The Commissioner has established a five-step sequential process for determining whether a person is disabled. Bowen v. Yuckert, 482 U.S. 137, 140 (1987); 20 C.F.R. § 404.1520(a)(4); 416.920(a)(4). At step one, the ALJ found that plaintiff had not engaged in "substantial gainful activity" since the alleged disability onset date. Tr. 21; 20 C.F.R. §§ 404.1520(a)(4)(i), (b); 416.920(a)(4)(i), (b). At step two, the ALJ found that plaintiff had the following severe impairment as of the alleged onset Dated: congestive heart failure with a history of cardiac catheterization and triple bypass surgery, diabetes mellitus, migraines headaches, congenital hearing loss, and depression. Tr. 21; 20 C.F.R. §§ 404.1520(a)(4)(ii), (c); 416.920(a)(4)(ii), (c). At step three, the ALJ determined that plaintiffs impairments, whether considered singly or in combination, did not meet or equal "one of the listed impairments" that the Commissioner acknowledges are so severe as to preclude substantial gainful activity. Tr. 22; 20 C.FR. §§ 404.1520(a)(4)(iii), (d); 416.920(a)(4)(iii), (d). The ALJ then assessed plaintiffs residual functional capacity ("RFC"). 20 C.F.R. § 404.1520(e); 416.920(e). The ALJ found that plaintiff had

the residual function capacity to perform light work as defined in 20 CFR 404.1567(b) and 416.967(b) except the following: she is unable to climb ladders, ropes, and scaffolds. She is able to tolerate a moderately noisy work environment. Mentally, due to pain, side effects of medication and mental impairments, the claimant can understand, remember, and carry out only short and simple instructions. She can only make simple work-related judgments and decision. Socially, she can maintain no more than occasional interactive contact with the public. She is able to maintain frequent proximity contact with coworkers or supervisor.

         Tr. 24. At step four, the ALJ concluded that plaintiff could not perform her past relevant work as a receptionist. Tr. 30; 20 C.F.R. §§ 404.1520(a)(4)(iv), (f). The ALJ continued to step five and found that plaintiff could perform work existing in the national economy; specifically, plaintiff could work as mail sorter, price marker, and electronics worker. Tr. 31; 20 C.F.R. §§ 404.1520(a)(4)(v), (g)(1).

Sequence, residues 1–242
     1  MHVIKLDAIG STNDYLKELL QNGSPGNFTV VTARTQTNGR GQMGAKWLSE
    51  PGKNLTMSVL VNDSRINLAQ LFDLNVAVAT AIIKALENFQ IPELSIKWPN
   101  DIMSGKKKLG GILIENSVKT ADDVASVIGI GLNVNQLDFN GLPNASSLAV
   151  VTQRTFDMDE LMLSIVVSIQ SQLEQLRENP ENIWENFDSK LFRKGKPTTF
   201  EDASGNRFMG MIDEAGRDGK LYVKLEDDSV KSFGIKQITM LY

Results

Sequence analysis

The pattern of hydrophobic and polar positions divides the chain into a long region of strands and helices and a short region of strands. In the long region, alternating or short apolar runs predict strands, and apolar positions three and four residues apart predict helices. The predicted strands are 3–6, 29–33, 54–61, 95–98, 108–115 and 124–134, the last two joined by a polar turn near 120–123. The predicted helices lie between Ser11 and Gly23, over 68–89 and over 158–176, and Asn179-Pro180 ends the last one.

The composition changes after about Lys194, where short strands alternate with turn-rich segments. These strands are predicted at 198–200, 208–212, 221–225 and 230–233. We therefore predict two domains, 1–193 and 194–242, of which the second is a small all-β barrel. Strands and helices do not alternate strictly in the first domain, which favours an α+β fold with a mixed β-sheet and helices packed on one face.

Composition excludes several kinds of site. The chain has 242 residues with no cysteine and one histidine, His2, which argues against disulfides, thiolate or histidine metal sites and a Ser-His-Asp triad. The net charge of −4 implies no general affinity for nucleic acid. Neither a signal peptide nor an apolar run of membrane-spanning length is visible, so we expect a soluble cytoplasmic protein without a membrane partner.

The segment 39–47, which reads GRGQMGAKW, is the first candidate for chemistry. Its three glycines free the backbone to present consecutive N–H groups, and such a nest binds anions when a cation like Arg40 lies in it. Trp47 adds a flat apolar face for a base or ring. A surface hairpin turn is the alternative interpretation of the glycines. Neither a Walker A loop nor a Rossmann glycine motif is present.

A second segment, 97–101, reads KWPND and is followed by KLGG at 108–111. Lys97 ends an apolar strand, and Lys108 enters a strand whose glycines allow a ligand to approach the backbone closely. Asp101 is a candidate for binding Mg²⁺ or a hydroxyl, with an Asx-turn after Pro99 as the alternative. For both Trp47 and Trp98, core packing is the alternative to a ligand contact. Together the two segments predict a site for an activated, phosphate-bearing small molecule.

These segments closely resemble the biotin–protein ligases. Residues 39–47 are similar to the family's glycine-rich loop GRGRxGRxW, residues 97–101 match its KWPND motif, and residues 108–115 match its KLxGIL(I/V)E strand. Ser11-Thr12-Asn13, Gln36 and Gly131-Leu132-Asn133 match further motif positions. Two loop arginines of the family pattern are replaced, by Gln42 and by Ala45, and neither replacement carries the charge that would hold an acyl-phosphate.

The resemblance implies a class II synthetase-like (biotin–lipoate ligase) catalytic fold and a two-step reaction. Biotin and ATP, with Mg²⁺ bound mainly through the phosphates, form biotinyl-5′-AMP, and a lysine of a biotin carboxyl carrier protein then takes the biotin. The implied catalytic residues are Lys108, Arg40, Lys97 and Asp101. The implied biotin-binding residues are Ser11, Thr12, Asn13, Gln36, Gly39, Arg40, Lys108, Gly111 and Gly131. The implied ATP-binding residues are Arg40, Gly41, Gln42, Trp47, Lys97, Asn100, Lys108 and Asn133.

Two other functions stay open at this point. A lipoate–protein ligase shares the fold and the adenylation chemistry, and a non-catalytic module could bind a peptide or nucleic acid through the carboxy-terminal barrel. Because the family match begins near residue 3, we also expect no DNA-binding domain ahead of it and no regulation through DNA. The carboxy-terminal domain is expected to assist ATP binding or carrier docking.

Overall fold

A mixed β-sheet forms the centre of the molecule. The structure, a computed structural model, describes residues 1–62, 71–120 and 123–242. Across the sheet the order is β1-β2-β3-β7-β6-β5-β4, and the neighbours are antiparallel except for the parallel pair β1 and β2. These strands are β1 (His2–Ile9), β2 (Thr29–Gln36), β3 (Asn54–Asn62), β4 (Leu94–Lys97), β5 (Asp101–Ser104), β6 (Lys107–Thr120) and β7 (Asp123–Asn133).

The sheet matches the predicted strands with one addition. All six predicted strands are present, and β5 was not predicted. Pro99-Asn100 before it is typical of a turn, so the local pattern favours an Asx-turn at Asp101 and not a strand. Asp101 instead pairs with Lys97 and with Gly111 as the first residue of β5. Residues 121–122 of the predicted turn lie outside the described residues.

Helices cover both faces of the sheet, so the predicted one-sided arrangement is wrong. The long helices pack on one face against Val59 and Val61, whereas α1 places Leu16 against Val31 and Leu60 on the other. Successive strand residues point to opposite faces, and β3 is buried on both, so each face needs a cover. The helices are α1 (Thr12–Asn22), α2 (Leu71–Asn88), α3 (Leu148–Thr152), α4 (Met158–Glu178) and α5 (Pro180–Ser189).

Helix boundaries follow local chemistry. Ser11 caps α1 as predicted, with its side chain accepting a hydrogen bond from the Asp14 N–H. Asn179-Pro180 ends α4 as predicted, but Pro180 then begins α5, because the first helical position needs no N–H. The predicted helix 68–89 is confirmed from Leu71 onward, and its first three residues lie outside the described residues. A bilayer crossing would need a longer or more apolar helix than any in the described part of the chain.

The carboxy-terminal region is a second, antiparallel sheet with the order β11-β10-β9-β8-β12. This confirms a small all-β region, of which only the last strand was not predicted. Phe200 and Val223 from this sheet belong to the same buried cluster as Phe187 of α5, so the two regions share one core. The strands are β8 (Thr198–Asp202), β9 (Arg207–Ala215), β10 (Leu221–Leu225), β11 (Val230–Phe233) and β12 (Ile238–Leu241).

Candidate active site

DISCUSSION

         On appeal plaintiff contends that the ALJ erred by (1) failing to provide specific, clear, and convincing reasons supported by substantial evidence to discredit plaintiffs subjective symptom testimony, (2) discounting the medical opinion of Dr. Seligman, (3) rejecting the opinions of Theo Orchard, PA and Jeremy Springer, LCSW, and (4) failing to incorporate all medical findings regarding her shoulder impairment into her RCF. I address each argument in turn.

         I. Plaintiffs Subjective Symptom Complaints

         I begin with plaintiffs argument that the ALJ failed to provide legally sufficient reasons to reject her testimony about the extent of her symptoms and functional limitations. When a claimant's medically documented impairments reasonably could be expected to produce some degree of the symptoms complained of and the record contains no affirmative evidence of malingering, "the ALJ can reject the claimant's testimony about the severity of. . . symptoms only by offering specific, clear and convincing reasons for doing so." Smolen v. Chater, 80 F.3d 1273, 1281 (9th Cir. 1996).

         The ALJ makes such a determination amidst a two-step process that, first, evaluates the existence of an underlying medically determinable physical or mental impairment that could reasonably be expected to produce the symptoms and, second, addresses the intensity, persistence, and limiting effects of the alleged symptoms based on an examination of the entire record. 20 C.F.R §§ 404.1529(a), (c)(1); 416.929(a), (c)(1). Within this analysis, the ALJ has discretion to dismiss portions of the plaintiffs testimony so long as the adjudicator provides "clear and convincing reasons" for doing so. Brown-Hunter v. Colvin, 806 F.3d 487, 493 (9th Cir. 2015) (quoting Lingenfelter v. Astrue, 504 F.3d 1029, 1036 (9th Cir. 2007)). A general assertion that the claimant is not credible is insufficient; the ALJ must "state which . . . testimony is not credible and what evidence suggests that the complaints are not credible." Dodrill v. Shalala, 12 F.3d 915, 918 (9th Cir. 1993).